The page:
This code is absolutely working. Here, the variables $x and $y inside the getSum function live on their own, and the variables with the same names outside the function live separately, and they do not know anything about each other. When the function is called, the value of the passed argument will be copied into a local variable, and after the function exits, this value will be deleted. That is, here, when calling getSum, we simply copy the values 3 and 5 into the local variables $x and $y. From that moment on, inside the function, external variables cease to exist, and it only knows about its own variables.

Function parameters: passing arguments by reference and by value

So far, in the cases we are considering, the arguments to the function have been passed by value. This means that when the function was called, the value passed as an argument was simply copied into a local variable.

Passing parameters by reference

However, you can pass the argument by reference. This is done by using the & sign before the argument name.

function func(&$x)

This does not copy the value to a local variable. Another link appears for the same value, but with a different name. And now, by changing the value of this variable inside the function, we will change the original, passed value. Let's look at an example of passing a value by reference.

<?php

function plus5(&$x)
{
    $x = $x + 5;
}

$a = 3;

plus5($a);

echo $a;

Result:

8

That is, for the value of the variable $a, another name appeared inside the function - $x. Now both of these names point to the same value. And if we change the value of a variable inside the function, it will change outside as well!

And if we passed the variable to the function by value, without using the & sign, we would get a different result.

<?php

function plus5($x)
{
    $x = $x + 5;
}

$a = 3;

plus5($a);

echo $a;

Will output:

3

Here, when the function was called, the value of $a was simply copied into the local variable $x. Inside the function, we changed $x by adding the number 5 to it, and then the function was completed. The local variable $x has ceased to exist, and we have not affected the variable $a in any way.

Functions in which all arguments are passed by value are called pure. It is worth using them whenever possible, since in the absolute majority of cases, passing values by reference is not required and leads to code confusion.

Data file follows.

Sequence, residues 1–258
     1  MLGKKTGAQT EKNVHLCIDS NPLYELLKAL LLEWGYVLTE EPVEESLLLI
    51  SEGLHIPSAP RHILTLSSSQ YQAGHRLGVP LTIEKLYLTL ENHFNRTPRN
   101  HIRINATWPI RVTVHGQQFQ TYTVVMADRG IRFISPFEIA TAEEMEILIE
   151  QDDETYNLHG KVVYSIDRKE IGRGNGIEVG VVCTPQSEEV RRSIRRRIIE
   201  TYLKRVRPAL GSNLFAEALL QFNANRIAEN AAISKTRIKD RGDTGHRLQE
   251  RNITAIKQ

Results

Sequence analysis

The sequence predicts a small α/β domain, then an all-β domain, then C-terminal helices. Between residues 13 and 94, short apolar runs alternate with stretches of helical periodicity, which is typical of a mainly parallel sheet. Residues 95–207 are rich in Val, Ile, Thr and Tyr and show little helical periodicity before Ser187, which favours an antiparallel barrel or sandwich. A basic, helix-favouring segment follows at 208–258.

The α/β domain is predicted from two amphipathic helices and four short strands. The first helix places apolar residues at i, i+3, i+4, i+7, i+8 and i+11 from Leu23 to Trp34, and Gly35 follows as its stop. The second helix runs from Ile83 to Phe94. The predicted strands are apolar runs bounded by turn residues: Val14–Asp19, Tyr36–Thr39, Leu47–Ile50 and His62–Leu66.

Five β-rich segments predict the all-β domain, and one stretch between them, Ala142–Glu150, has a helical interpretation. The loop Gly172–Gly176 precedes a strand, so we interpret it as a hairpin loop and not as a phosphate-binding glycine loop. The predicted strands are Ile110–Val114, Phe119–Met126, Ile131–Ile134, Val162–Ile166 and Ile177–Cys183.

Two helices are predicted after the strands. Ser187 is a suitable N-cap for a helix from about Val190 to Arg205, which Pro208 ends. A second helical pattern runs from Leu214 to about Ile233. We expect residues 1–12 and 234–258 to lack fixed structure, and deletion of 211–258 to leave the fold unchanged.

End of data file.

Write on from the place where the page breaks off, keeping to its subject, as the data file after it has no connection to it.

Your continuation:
Getting started with type hinting

In new versions of PHP, it became possible to specify the types of arguments in functions, including for scalar types (strings, numbers). In this case, when passing an argument to a function, the passed value will be automatically cast to the desired type. Let's rewrite our function with modern PHP features in mind.

<?php

function getSum(int $x, int $y)
{
    return $x + $y;
}

So, now when passing any values to the function, they will automatically be converted to numbers. Let's check it out - insert a call to the var_dump function inside our function, and see what happens.

<?php

function getSum(int $x, int $y)
{
    var_dump($x);
    var_dump($y);

    return $x + $y;
}

echo getSum(5, 10);

Result:

int 5
int 10
15

Quite expected, you say. After all, we passed integers to the function, and even if the arguments did not have type casting, then there would be integers in the same way. And you will be right. But let's try to pass a floating point number as one of the arguments.

<?php

function getSum(int $x, int $y)
{
    var_dump($x);
    var_dump($y);

    return $x + $y;
}

echo getSum(12.5, 10);

Result:

int 12
int 10
22

That is, at the moment when the argument came to the function, it was already of the required type. Let's try to remove the type indication from the argument:

<?php

function getSum($x, $y)
{
    var_dump($x);
    var_dump($y);

    return $x + $y;
}

echo getSum(12.5, 10);

Now the fractional number will not be reduced to an integer, and we will get a different result:

float 12.5
int 10
22.5

In this course, we will always use type hints. This helps to write more rigorous code and allows for fewer bugs. Judge for yourself - if we work with a specific type, we are more confident in how this or that code will work.

Strict types

As I said, by default, the value of the argument will be automatically cast to the specified type. However, it is possible in PHP to specify explicitly that an argument passed to a function will be of a particular type. This is done with the directive: